a lesson

“If you fall in love because someone makes you laugh, what happens when you no longer find them funny? If you fall in love because someone is beautiful, what happens when that beauty fades? If you fall in love because someone can provide for you, what happens when they lose wealth? Real love defies all reasons. When you truly love someone, you do not look for reasons, you see beyond reasons.”

A dear, dear friend shared this quote with me, and as I sit here looking at rejection number 5734809 (exaggerating, but I digress…) I am struck by how truthful it is. It has also encouraged me, allowed me to understand my own motivation behind writing, behind why I do what I do.

Jake and Simone started as a therapy of sorts for me. I was (at the time) engaged, but I was hopelessly in love with a man I’d loved for seven years at that point. I was trying to write out what I was feeling, why I was feeling the way I was feeling. I was lost, and writing out their (my) story allowed me to find my way, find myself.

When my engagement ended, I stopped writing about them. When my then-eight year relationship with a man I swore I would always love ended, I started writing about them again. I was fueled by equal parts caffeine and heartache, trying to get him out of my system. I had music to keep me company, as well as my trusty pup Ira. Together with Ellie Goulding, Matthew Ryan, and countless other artists I wrote the story of Jake and Simone. I finished it late one night just as the nights were getting warmer. I had the fan on and a song I cannot even remember now blaring in the background. I wrapped up their story in the nicest, neatest way I could.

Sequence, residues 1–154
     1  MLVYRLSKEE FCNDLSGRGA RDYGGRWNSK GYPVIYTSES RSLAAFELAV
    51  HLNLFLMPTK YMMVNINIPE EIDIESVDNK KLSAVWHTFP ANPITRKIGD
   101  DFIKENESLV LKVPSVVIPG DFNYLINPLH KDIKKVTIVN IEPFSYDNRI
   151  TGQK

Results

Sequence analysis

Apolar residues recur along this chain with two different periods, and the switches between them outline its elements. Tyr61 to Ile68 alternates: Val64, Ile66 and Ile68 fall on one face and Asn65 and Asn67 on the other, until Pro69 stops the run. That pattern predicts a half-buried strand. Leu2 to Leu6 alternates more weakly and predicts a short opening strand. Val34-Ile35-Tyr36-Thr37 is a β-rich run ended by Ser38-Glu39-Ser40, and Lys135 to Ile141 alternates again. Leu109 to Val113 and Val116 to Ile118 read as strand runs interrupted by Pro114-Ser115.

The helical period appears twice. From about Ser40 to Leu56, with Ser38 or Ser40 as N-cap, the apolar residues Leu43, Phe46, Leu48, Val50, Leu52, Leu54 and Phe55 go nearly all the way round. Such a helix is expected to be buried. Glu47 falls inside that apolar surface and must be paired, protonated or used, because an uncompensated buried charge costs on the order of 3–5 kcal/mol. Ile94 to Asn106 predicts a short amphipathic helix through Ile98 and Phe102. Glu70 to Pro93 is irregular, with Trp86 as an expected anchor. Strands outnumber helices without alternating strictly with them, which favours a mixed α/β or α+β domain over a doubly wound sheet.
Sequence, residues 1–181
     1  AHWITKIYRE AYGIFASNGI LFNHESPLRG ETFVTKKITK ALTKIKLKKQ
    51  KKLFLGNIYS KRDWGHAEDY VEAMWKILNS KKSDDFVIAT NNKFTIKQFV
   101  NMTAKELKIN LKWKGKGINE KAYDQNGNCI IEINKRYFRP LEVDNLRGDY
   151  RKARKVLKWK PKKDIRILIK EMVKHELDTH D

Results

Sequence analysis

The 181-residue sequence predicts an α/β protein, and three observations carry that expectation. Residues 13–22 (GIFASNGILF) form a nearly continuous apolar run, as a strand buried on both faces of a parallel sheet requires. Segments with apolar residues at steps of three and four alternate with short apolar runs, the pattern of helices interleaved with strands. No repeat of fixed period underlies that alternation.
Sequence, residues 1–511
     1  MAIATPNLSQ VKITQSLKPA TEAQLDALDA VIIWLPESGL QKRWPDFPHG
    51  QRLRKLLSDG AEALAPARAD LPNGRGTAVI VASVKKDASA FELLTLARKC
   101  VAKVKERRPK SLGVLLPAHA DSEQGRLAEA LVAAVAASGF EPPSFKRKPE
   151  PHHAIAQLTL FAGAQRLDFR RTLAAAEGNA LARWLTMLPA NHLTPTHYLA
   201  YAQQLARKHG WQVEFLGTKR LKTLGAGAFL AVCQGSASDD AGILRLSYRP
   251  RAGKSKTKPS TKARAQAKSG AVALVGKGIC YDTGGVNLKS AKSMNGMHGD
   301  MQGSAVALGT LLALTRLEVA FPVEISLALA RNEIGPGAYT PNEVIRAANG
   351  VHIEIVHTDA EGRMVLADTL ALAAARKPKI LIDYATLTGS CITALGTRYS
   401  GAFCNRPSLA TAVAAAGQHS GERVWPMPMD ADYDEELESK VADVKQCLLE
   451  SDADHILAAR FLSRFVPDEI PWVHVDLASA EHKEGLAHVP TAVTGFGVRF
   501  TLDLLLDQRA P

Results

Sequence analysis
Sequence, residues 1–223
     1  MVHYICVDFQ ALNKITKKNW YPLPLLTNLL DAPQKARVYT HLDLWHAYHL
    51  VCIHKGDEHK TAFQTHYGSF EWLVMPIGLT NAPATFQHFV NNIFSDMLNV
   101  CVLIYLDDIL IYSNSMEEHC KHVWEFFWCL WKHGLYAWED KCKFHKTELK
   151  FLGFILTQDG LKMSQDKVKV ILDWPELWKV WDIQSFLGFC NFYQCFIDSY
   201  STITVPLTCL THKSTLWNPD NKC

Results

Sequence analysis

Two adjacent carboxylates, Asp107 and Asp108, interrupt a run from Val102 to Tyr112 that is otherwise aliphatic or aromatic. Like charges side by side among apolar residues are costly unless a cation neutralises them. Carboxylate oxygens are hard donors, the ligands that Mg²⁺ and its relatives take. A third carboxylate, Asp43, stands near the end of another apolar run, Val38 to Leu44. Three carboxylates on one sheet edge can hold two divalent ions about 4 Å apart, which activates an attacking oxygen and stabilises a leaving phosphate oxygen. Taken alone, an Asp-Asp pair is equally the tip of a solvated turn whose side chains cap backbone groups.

And then I sent my first query letter. I got my first rejection a week later. Since then, I’ve sent out more queries than I can count. And, like I said earlier, I’ve gotten a lot of rejections.

I asked myself today why I did it. Why I put their story out there. Why I put my heart and soul into a piece of fiction that will, it seems, never see the light of day.

And I came back to that quote.

The greatest love stories are those that don’t shatter the earth. The other person sneaks up on you. They make you realize that love is possible by showing you. I had that love story, and I ended it because the other person was, simply, not good for me. Jake and Simone were different – the Jake I wrote was very different from my real-life version of him. I am, by my own admission, no Simone.

But this is a story that needed to be told. I needed someone out there to understand that love, even when it’s messy and makes no sense, is possible. Love isn’t about just looks or just humor – it’s about every little thing tied in together. It’s about arguing over the direction of the toilet paper and moving cross-country just to be in the same time zone as the person you love.

Maybe I’ll never get an agent. But at the end of the day, I can still say I wrote a story that needed to be told – a story that nagged me to be written. A story about love in all of its dysfunction and chaos.

And maybe that was the lesson I needed to learn.

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